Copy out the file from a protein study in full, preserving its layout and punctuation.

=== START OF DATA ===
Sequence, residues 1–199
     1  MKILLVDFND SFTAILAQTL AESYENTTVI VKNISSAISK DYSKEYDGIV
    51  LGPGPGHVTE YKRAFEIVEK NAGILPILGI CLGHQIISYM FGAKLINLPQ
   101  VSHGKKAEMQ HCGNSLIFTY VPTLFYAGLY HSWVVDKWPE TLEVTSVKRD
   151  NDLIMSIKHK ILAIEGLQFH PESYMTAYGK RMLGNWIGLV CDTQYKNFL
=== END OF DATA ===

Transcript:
Sequence, residues 1–199
     1  MKILLVDFND SFTAILAQTL AESYENTTVI VKNISSAISK DYSKEYDGIV
    51  LGPGPGHVTE YKRAFEIVEK NAGILPILGI CLGHQIISYM FGAKLINLPQ
   101  VSHGKKAEMQ HCGNSLIFTY VPTLFYAGLY HSWVVDKWPE TLEVTSVKRD
   151  NDLIMSIKHK ILAIEGLQFH PESYMTAYGK RMLGNWIGLV CDTQYKNFL